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Last week in Madrid, in the Prado, I discovered Dürer’s self-portrait. It shows a young man of 26, face ringed in curling locks, flamboyant, elegant, aristocratic and boldly asserting his artistic status. For all that such a work might be arrogant, this is not. Its inscription, ‘I have thus painted myself. I was 26 years old. Albrecht Dürer,’ is the naïve, almost innocent confidence of youth, the wayward and indomitable bravura of the as-yet unhumbled.
In the Reina Sofia Centre, Picasso’s ‘Guernica’ dwarves its gallery. There is nothing elegant or innocent about Guernica, the portrayal of the obliteration of the cultural capital of the Basques by air-borne fascist bombing. Its potent depiction of pain, death and destruction creates a monument to 20th-century man’s inhumanity to man.
When he painted Guernica, Picasso had experienced a rigorous and classical artistic education, was 55 years old, of plain appearance, married but with a history of many lovers and several mistresses, a man of the world who had seen the canker at the heart of life but remained committed to his art as well as to core values of human decency. Guernica was his statement to the world of his ‘abhorrence of the military caste which has sunk Spain in an ocean of pain and death’.
During the week that I saw these works, the unfolding news story was of Susan Boyle. She has a powerful and beautiful voice but caution is required about the Damascine conversions of many of those who heard her on ‘Britain’s Got Talent’. The obsession with physical beauty, innate, surgically-created or a result of photographic-editing, remains unchallenged. The red-tops pander to their readers with tasteless speculation about Susan Boyle’s private life. To ridicule a perfomer for her plain looks was seen as banal but the very stuff of such programmes is to ridicule ‘losers’ and is it not significant that in today’s youth culture ‘loser’ is among the most common of insults?
The Susan Boyle story will be a nine-day wonder. Like the facile anguish at the deaths of Princess Diana and Jade Goody, it permits mass self-delusion. The brief popular identification with the success of ‘the ordinary’ Susan Boyle cannot detract from the barely concealed relief that her characteristics and life-style are not shared by those who purport to identify with her. Elaine Paige, whom Susan Boyle admires, offers shallow platitudes: ‘She is a role model for everyone who has a dream.’ To what aspect of Susan Boyle does Paige refer: her superb voice, her long record of family caring or her winning a televised competition?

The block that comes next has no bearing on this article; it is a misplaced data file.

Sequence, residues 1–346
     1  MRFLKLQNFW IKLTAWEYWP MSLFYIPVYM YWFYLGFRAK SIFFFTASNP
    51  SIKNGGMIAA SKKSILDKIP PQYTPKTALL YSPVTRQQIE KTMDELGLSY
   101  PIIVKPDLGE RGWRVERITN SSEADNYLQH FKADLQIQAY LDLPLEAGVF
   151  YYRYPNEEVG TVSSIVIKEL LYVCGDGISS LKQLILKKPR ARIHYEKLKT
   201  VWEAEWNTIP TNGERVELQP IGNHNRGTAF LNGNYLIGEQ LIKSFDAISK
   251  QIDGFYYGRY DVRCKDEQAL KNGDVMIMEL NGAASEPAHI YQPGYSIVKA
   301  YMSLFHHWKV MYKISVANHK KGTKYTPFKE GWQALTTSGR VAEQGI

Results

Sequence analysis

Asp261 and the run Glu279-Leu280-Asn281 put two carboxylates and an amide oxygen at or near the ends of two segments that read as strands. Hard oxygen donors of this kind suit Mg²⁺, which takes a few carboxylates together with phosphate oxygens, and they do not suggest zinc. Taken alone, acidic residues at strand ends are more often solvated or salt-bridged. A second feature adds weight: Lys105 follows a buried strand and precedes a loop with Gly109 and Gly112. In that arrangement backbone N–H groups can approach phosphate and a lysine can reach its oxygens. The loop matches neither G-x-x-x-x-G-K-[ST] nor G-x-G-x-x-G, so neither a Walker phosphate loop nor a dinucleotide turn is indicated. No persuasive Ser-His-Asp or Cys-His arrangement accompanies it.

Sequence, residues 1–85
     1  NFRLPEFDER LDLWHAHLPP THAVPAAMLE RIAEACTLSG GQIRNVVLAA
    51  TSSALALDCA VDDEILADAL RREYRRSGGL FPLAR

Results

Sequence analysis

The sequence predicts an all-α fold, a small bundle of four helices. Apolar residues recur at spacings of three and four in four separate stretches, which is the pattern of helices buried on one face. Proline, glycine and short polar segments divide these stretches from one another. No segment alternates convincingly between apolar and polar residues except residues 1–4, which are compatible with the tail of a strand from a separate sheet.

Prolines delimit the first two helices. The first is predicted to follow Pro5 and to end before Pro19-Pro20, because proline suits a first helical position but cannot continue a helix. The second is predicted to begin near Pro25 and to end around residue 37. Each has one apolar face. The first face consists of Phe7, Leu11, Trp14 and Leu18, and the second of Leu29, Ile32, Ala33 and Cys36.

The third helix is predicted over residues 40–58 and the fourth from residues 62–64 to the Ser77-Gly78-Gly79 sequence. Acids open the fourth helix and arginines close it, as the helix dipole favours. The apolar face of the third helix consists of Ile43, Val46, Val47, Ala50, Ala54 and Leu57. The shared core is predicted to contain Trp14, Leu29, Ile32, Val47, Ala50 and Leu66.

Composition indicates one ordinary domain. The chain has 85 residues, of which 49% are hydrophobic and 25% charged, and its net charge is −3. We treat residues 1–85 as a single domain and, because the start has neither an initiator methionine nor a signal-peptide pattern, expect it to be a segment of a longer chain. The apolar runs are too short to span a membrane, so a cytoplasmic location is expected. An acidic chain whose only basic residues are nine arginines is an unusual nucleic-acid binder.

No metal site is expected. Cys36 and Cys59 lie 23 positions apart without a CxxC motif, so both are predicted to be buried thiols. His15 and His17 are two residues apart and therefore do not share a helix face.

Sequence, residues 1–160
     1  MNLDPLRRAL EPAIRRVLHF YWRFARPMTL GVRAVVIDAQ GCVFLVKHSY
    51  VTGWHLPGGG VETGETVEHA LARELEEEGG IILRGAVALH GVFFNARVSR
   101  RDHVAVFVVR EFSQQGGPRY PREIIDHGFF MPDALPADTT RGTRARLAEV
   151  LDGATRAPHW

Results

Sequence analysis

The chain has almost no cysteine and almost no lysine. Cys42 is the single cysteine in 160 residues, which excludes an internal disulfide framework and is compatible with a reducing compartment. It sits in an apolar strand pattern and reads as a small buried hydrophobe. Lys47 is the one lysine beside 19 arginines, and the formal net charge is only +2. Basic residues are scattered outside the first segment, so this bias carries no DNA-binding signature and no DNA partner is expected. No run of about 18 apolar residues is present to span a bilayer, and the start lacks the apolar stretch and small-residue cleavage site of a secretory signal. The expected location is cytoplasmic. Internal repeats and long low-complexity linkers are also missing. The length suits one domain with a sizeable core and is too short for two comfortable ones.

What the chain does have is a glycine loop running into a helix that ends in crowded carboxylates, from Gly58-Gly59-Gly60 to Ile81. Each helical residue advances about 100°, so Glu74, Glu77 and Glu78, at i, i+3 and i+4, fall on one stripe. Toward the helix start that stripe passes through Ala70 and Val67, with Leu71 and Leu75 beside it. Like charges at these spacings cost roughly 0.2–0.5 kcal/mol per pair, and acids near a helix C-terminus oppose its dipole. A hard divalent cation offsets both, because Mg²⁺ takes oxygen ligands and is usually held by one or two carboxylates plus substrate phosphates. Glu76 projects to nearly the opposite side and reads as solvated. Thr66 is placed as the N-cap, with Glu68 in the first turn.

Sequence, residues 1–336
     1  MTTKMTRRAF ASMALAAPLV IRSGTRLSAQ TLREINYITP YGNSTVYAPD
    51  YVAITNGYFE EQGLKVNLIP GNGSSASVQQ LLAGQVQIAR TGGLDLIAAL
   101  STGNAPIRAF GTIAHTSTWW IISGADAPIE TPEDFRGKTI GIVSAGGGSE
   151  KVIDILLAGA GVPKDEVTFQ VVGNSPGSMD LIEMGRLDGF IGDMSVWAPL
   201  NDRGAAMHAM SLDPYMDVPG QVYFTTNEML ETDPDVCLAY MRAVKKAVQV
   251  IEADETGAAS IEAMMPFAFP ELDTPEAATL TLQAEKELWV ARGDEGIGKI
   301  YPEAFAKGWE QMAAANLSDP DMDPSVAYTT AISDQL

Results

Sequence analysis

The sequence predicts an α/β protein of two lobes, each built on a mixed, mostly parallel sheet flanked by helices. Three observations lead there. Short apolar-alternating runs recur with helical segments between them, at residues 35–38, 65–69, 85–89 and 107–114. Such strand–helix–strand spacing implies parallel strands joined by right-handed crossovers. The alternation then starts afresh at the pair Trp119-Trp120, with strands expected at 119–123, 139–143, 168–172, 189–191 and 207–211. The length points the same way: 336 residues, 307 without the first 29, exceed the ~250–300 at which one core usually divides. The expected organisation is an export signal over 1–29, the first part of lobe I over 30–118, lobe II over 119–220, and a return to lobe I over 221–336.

Similarly, the temporary admiration of her virtues will not lead to growth in the practice of chastity, dedicated caring for parents or devout Catholicism. Although she is now apparently the idol of Blackburn, ridicule, sadly, has been her past portion there as much as on her initial TV appearance.
Susan Boyle deserves to enjoy her success. She should be aware that there will be many who simply admire her voice and how she can use it. Although talented, she is neither youthful nor physically beautiful, as was Dürer. That may be to her advantage. In age and appearance she is closer to the Picasso of the 1930s. Her life experiences are as different from his as could be imagined but they may be sufficiently strong to allow her, with the help and support of genuine friends, to withstand the pressures which will now face her.
More pressing is how our society can withstand the shallow commercialism of a world where instant success, through stage-managed competitions, whether for artists, singers or entrepreneurial apprentices, is perceived as a route to excellence. Neither Dürer nor Picasso could have emerged from such a banal process.
This article was first published in The Scottish Review  on 23rd April 2009: was also published in The Scottish Review anthology of 2009.

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